September 29, 2016 – Harris Corporation’s fourth Advanced Baseline Imager (ABI) has completed a pre-ship review with the National Oceanic and Atmospheric Administration (NOAA) and NASA. The instrument is complete and will be ready for future integration onto the Geostationary Operational Environmental Satellite – U Series (GOES-U) spacecraft, which is part of NOAA’s next-generation weather satellite series.
ABI is the world’s most advanced geostationary weather instrument. It captures continuous images of Earth – scanning the entire globe in five minutes versus 26 minutes with the currently operational GOES satellites. For rapidly changing events like thunderstorms, hurricanes, or fires, ABI can take images as often as every 30 seconds.
“Every second counts during severe weather events. ABI can scan a thunderstorm 22,300 miles from Earth in the same time as it takes to snap and upload a selfie to social media,” said Eric Webster, vice president, Harris Environmental Solutions. “ABI will improve every aspect of severe weather forecasting, which will help save lives and property.”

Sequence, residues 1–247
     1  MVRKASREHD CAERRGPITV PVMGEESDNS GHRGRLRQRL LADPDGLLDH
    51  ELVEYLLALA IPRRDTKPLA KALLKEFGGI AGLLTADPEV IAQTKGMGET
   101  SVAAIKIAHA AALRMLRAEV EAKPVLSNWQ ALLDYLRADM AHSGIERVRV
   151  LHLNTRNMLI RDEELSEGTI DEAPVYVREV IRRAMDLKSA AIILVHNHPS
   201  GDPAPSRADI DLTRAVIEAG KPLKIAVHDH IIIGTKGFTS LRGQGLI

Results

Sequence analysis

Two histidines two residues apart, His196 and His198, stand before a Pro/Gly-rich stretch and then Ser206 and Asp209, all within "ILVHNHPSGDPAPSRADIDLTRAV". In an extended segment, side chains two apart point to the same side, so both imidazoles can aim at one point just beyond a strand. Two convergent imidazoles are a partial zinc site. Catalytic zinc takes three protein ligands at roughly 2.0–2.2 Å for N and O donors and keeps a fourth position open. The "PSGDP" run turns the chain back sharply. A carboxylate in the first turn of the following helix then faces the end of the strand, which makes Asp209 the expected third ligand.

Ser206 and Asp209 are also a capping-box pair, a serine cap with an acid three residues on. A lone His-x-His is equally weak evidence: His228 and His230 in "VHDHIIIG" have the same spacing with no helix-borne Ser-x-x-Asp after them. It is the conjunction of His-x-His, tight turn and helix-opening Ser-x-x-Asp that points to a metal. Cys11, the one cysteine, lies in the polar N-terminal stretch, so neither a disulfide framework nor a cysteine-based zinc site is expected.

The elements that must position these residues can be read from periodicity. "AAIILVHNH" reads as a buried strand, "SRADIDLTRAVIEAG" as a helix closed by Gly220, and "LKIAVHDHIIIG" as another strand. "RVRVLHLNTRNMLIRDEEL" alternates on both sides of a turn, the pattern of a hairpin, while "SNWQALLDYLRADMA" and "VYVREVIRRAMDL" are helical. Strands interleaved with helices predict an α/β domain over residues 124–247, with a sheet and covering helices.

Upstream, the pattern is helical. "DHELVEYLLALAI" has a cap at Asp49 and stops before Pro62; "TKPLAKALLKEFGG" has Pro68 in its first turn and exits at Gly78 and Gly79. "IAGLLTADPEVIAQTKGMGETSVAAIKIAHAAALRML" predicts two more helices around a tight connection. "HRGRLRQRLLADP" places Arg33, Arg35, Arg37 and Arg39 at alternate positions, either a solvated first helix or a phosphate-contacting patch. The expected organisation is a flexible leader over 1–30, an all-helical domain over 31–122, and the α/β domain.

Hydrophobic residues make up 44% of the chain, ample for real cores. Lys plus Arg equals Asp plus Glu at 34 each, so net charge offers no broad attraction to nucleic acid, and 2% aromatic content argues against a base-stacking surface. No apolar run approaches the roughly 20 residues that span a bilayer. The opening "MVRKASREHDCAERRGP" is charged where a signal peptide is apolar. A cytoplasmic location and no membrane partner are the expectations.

ABI also will provide images of conditions current GOES satellites cannot including dust, sea ice, volcanic ash, fog, clouds, water vapor, vegetation, winds and carbon dioxide.
An international version of ABI is operational over Japan on board the Himawari-8 satellite, where it has tracked storms like Typhoons Nepartak and Soudelor. Harris has built seven ABIs: four for the United States, two for Japan, and one for South Korea. Harris also built the ground system for NOAA’s GOES-R series of satellites, which will command and control the satellites and all instruments on board, and process 60 times more data than today’s GOES satellites. The ground system will make it possible for meteorologists to receive critical weather data in 30 seconds by using a customized high-speed processing infrastructure designed to reduce information bottlenecks caused by the high data volume.
The first GOES-R satellite carrying the ABI is expected to launch November 4 from Cape Canaveral, Florida. The next in the series, GOES-S, is expected to launch in 2018; followed by GOES-T in 2019 and GOES-U in 2024.
Lockheed Martin Space Systems of Littleton, Colorado is responsible for constructing the satellites themselves, as well as the magnetometer system, SUVI and GLM.
All four Extreme Ultraviolet and X-ray Irradiance Sensors (EXIS) instruments (for GOES-R, S, T, & U) were built by the Laboratory for Atmospheric and Space Physics in Boulder, Colorado.